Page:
1. When did you start reading fantasy and horror?

My father used to take me to the library every week when I was a young boy. I devoured all the usual kid books – Dr. Seuss, Encyclopedia Brown, The Hardy Boys – and I started bringing home scary stories pretty much right from the beginning. I remember checking out Edgar Allan Poe and classics such as Dracula and Frankenstein. I surely didn’t understand everything I was reading at the time, but I couldn’t get enough of it. I also loved those oversized Alfred Hitchcock anthologies of creepy stories.

Then, when I was old enough to ride my bike down to Plaza Drugs in the old Edgewood Shopping Center, I started buying horror comics along with my packs of baseball cards. I was never discouraged to do this by my parents. I was never told it was a waste of money or not the proper reading material. For that, and so much more, I owe my parents immense gratitude. They always allowed me to make my own path.

Finally, when I was a sophomore in high school, my English teacher (Richard Gallagher) brought in a stack of blurry photocopies of a long story called “The Monkey” by this guy named Stephen King. We read the story aloud in class – and it changed my life.

At first, I was just thrilled to be reading a story in class that featured curse words and “fart.” I was fifteen-years-old and easily amused. But, then as the story progressed, something else happened: I was transported to another place and another time. The real world around me disappeared. It felt like magic. It felt like home.

When we finished reading “The Monkey,” I knew. I knew I had to be involved with fantasy and horror and storytelling in some capacity. I was just fifteen-years-old, but I knew it was my future.


2. What was the movie that scared you the worst?

Is this a trick question? You already know (and take great pleasure in reminding me) that I’m an easy target and my answer is: all of em scare me!

Okay, if I had to pick just one, I would cheat and pick two:

The Exorcist – I grew up attending the Catholic Church every Sunday. I went to Sunday school. I read the bible. I knew all about Heaven and Hell. God and the Devil. So, the story of young Regan and Father Karras hit very close to home for me. Shocking and terrifying, and still not a film I enjoy re-watching.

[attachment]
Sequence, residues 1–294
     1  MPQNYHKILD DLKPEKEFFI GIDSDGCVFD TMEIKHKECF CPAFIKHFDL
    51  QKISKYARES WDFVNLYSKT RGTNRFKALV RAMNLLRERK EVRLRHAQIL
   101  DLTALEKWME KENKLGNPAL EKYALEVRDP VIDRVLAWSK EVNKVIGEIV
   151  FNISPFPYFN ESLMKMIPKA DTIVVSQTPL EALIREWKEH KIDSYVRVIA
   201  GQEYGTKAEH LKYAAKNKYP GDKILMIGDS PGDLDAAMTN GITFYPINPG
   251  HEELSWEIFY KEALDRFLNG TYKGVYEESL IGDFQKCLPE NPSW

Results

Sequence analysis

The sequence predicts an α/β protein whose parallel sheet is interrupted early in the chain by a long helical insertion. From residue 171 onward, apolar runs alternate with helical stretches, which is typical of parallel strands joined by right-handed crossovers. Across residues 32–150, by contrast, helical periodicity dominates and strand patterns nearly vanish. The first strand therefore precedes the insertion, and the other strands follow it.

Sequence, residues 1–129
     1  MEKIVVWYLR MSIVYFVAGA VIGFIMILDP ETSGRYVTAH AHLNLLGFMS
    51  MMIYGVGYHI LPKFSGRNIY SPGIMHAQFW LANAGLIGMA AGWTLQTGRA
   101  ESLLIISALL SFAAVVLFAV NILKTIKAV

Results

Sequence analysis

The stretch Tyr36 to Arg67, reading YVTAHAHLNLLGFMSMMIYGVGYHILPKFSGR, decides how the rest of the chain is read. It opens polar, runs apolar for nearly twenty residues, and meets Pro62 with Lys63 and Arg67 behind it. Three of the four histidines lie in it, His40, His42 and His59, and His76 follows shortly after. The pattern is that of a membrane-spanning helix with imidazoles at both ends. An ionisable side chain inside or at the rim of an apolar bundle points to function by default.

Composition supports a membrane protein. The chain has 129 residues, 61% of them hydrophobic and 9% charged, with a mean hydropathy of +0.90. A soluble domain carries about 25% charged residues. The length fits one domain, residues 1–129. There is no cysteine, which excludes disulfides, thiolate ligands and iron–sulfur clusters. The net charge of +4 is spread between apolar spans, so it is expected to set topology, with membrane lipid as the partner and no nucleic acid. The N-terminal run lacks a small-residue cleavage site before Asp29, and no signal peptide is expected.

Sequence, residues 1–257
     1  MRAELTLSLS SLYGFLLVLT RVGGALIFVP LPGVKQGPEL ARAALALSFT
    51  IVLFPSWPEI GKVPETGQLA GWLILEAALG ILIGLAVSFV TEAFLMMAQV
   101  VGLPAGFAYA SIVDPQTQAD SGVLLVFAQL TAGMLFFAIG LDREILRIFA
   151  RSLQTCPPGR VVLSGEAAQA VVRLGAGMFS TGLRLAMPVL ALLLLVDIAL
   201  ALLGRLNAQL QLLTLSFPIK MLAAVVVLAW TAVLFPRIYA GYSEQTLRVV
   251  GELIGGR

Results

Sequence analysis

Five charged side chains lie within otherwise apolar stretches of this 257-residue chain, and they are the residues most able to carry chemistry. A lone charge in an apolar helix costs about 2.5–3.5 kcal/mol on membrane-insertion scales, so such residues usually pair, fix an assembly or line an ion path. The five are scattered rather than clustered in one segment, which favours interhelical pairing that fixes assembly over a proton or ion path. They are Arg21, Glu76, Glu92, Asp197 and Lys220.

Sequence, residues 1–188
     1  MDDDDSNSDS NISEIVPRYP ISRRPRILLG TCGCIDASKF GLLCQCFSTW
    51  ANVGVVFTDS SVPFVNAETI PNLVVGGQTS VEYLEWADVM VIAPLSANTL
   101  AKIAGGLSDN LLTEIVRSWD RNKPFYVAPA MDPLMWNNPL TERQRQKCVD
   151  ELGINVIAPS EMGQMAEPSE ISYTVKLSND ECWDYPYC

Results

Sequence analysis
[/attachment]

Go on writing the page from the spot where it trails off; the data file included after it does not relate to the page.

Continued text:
Halloween – I grew up in a small suburb very much like Haddonfield. The houses looked the same. The tree-lined streets. The local school. And, like most small towns in America, we had our own legends and scary stories, our own local creepy guys roaming around town. It wasn’t much of a stretch to think that Michael Myers could turn up at my front door one dark night. Not much of a stretch at all. Unlike The Exorcist, I really enjoy repeat viewings of Halloween – and it still frightens me today.


3. What haven’t you done with CD that you’d like to do?

I’m still intrigued by the idea of a mass-market line of CD paperbacks. I know the publishing industry is currently headed in the other direction – with more and more mass-market imprints withering up and dying – but the idea (and the challenge) is still there for me.

I’m also fascinated with the idea of spearheading a Cemetery Dance YouTube channel – a place where horror fans can tune in for current news and reviews and interviews, as well as original short films and documentaries and other cool video content.

Finally, I’m very excited about the prospect of a Cemetery Dance convention. A place where authors and artists and directors and readers and fans and vendors can all get together for a long weekend of fun and entertainment. We’ve been publishing for almost 30 years now and have one of the largest and most loyal followings in the genre. It seems only natural to try to get everyone together from time to time to hang out.

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